Jahm Najafi, a private equity investor and vice chairman of the Suns, issued a statement Thursday, independent from those issued by Sarver and Rowley, saying he would offer his “support to ensure there is full accountability” during the league’s investigation.

“The conduct [Sarver] is alleged to have committed has stunned and saddened me and is unacceptable,” Najafi said. “The well-being and safety of every Suns employee, player, coach and stakeholder is first and foremost our priority. My sincerest sympathy goes out to all whose lives and professions have been impacted. I am personally committed to helping eradicate any form of racism, sexism, and bias, which is unacceptable anywhere in our society.”

The Suns are off to a 4-3 start after reaching the NBA Finals last season for the first time since 1993.

Monty Williams, who was hired to coach the Suns in 2019, said the allegations were “sensitive” and “serious in nature” but added that the situation is “still not clear, as far as the facts are concerned.”

“All of it happened before I was here,” Williams said before Thursday night’s 123–111 win over the Houston Rockets. “Based on what you all know about me, the little you know about me, if any of that stuff happened while I was here, I wouldn’t be in this seat.”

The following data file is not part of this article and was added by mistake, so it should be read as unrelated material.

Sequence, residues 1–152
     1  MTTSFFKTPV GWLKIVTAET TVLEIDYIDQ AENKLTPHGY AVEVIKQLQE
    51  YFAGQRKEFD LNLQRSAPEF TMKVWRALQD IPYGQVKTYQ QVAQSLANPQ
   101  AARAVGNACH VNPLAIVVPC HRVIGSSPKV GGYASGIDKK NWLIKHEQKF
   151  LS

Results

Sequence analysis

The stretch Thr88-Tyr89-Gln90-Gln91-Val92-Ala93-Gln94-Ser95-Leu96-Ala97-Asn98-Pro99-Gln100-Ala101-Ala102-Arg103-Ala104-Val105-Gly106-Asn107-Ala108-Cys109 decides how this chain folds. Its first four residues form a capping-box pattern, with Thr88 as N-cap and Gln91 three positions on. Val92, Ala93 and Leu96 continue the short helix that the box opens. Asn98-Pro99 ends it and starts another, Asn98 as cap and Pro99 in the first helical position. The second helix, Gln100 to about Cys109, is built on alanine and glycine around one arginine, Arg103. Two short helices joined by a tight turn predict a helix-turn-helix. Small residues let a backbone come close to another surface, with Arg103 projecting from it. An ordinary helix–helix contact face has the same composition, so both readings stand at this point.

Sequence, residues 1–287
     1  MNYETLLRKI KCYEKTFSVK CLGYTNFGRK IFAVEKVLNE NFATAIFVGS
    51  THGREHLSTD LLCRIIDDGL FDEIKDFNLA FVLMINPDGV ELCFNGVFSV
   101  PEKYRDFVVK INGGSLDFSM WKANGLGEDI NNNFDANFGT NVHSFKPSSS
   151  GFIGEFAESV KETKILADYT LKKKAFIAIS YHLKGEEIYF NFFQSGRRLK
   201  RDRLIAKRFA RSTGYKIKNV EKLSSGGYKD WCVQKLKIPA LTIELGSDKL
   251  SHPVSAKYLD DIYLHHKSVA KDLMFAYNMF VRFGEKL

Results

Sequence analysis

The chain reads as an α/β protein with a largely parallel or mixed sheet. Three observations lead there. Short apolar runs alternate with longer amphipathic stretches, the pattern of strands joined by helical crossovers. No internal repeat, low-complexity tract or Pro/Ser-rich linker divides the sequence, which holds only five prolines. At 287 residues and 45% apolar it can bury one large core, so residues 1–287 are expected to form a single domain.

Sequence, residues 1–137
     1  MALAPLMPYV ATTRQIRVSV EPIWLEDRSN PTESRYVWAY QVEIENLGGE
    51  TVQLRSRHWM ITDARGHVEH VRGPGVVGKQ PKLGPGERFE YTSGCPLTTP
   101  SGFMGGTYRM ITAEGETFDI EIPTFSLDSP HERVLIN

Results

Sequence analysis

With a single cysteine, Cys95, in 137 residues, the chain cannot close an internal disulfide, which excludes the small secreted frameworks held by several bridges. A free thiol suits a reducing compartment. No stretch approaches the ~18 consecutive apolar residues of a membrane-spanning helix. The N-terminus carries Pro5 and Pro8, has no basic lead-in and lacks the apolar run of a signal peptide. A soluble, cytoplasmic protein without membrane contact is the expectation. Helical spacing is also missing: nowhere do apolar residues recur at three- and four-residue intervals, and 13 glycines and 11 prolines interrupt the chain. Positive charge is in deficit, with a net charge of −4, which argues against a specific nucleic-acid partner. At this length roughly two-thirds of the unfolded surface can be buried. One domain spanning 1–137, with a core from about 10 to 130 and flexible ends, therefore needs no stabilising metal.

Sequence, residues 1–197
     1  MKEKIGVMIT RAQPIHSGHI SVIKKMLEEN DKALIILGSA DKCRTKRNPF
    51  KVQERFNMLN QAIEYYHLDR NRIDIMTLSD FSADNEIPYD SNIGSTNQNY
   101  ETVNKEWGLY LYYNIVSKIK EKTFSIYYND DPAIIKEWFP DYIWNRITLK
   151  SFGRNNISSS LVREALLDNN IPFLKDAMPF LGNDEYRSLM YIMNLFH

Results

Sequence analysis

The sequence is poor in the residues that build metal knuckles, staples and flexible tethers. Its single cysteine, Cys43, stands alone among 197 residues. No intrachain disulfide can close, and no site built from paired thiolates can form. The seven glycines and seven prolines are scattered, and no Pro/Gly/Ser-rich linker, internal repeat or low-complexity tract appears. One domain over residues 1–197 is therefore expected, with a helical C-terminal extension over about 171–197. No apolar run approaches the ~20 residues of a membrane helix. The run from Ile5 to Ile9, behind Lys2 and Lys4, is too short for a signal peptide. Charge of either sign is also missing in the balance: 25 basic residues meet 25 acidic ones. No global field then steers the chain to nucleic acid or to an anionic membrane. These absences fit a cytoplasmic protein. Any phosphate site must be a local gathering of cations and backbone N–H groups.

Chris Paul and Devin Booker said that the Suns will do their best to remain focused despite the off-court distractions.

“The powers that be will look into it, do their investigations, but the biggest thing I’ve learned is that us as a team have got to talk,” Paul said. “We’ll wait like everyone else for the due diligence to be done. In the meantime, we’ll keep working.”

Booker added that the Suns will follow Williams’s lead as the investigation unfolds.

”He’s the best at managing situations, controlling the room and keeping people focused forward,” he said. “You can feel everything he says. We’re sticking behind him. We’re going to keep playing hard for him and keep winning basketball games.”